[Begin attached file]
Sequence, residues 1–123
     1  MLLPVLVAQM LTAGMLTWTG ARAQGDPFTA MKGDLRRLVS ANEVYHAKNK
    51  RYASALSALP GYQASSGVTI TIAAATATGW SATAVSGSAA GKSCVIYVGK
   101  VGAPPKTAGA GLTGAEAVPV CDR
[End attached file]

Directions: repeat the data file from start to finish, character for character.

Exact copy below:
Sequence, residues 1–123
     1  MLLPVLVAQM LTAGMLTWTG ARAQGDPFTA MKGDLRRLVS ANEVYHAKNK
    51  RYASALSALP GYQASSGVTI TIAAATATGW SATAVSGSAA GKSCVIYVGK
   101  VGAPPKTAGA GLTGAEAVPV CDR